Private vs. Subsidized vs. Unsubsidized student loans
In addition to federal loan options, students can also borrow money through private lenders. Private student loans can often offer competitive interest rates, especially compared with what’s available for graduate and professional students.
The caveat is that you need to have excellent credit — or a co-signer with excellent credit — to qualify for the best rates. Plus, private student loans don’t typically come with some of the benefits you get with federal loans, such as income-driven repayment plans, which can lower your monthly payment based on your income and family size, and student loan forgiveness programs.
Also, while some private student lenders offer forbearance and deferment options, they may not be as generous as the federal government’s provisions.
Private student loans are best used when you can qualify for a better interest rate than what the Department of Education offers and you don’t need federal loan benefits, or you’ve maxed out the amount you can borrow with Subsidized and Unsubsidized Loans. If you’re interested in comparing private student loan interest rates, use our rate comparison tool.
Subsidized vs. Unsubsidized student loans: How to apply
The process of applying for Subsidized and Unsubsidized Loans requires you to fill out the Free Application for Federal Student Aid (FAFSA) form. This form helps you demonstrate your dependency status, as well as your financial need.
To start, create a Federal Student Aid (FSA) ID, then visit fafsa.gov to fill out the form online. If you’d prefer another option, you can also complete the form in the myStudentAid mobile app or on paper.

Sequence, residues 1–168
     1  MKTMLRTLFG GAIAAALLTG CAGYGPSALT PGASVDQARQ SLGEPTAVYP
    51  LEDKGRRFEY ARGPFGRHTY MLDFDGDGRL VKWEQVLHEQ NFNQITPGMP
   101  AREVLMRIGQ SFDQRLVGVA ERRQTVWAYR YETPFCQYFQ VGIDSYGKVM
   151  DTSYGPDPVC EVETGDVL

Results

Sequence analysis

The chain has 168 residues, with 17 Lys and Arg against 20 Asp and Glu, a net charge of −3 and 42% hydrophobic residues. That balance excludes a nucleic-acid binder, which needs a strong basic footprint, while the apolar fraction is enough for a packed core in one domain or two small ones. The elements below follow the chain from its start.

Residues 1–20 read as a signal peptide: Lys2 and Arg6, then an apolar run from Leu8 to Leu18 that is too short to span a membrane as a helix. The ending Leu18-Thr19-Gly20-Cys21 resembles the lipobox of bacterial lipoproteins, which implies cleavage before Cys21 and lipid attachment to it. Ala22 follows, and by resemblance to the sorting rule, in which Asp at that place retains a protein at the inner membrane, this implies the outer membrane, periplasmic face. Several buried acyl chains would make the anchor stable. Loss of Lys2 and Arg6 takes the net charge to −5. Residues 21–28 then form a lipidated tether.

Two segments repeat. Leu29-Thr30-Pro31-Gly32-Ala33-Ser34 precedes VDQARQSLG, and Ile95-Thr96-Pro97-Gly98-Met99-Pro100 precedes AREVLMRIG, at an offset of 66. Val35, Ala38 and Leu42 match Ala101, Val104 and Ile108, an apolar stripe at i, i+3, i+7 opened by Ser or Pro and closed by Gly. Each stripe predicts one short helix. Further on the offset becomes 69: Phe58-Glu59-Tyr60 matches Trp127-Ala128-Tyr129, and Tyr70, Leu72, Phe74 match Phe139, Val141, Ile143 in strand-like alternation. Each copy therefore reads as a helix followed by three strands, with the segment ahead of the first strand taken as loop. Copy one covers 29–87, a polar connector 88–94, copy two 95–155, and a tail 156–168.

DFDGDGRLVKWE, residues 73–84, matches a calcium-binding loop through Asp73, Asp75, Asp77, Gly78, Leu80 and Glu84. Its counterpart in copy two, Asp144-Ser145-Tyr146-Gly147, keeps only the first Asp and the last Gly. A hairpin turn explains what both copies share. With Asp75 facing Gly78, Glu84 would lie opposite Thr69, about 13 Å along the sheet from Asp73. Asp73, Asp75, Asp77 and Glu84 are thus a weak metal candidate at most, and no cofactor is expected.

You’ll need several documents and pieces of information for yourself and your parents if you’re a dependent student, including:
- Your and your parents’ Social Security numbers
- Driver’s license number
- Alien Registration number if you’re not a U.S. citizen
- Tax returns for you and your parents
- Untaxed income records for you and your parents
- Information on other assets you or your parents hold
If you need help with the process, you can contact the Department of Education or your school’s financial aid office. The deadline for submitting the FAFSA form can vary by state, so check with your school’s financial aid office to find out and make sure you submit your application by that date.
The bottom line
When considering subsidized loan vs. unsubsidized loan terms, the differences are big enough that it’s important to know them so you can make good decisions about financing your or your child’s education.
There’s not much need to compare Subsidized vs. Unsubsidized Loans to find out which one is best for you. If you qualify for Subsidized Loans based on your financial need and you plan to borrow anyway, then take advantage of the benefit of having the federal government cover your interest payments.
Just keep in mind that you may also need Unsubsidized Loans or private student loans to cover your full cost of attendance. If this happens, carefully consider each option and compare interest rates to find the best deal for you.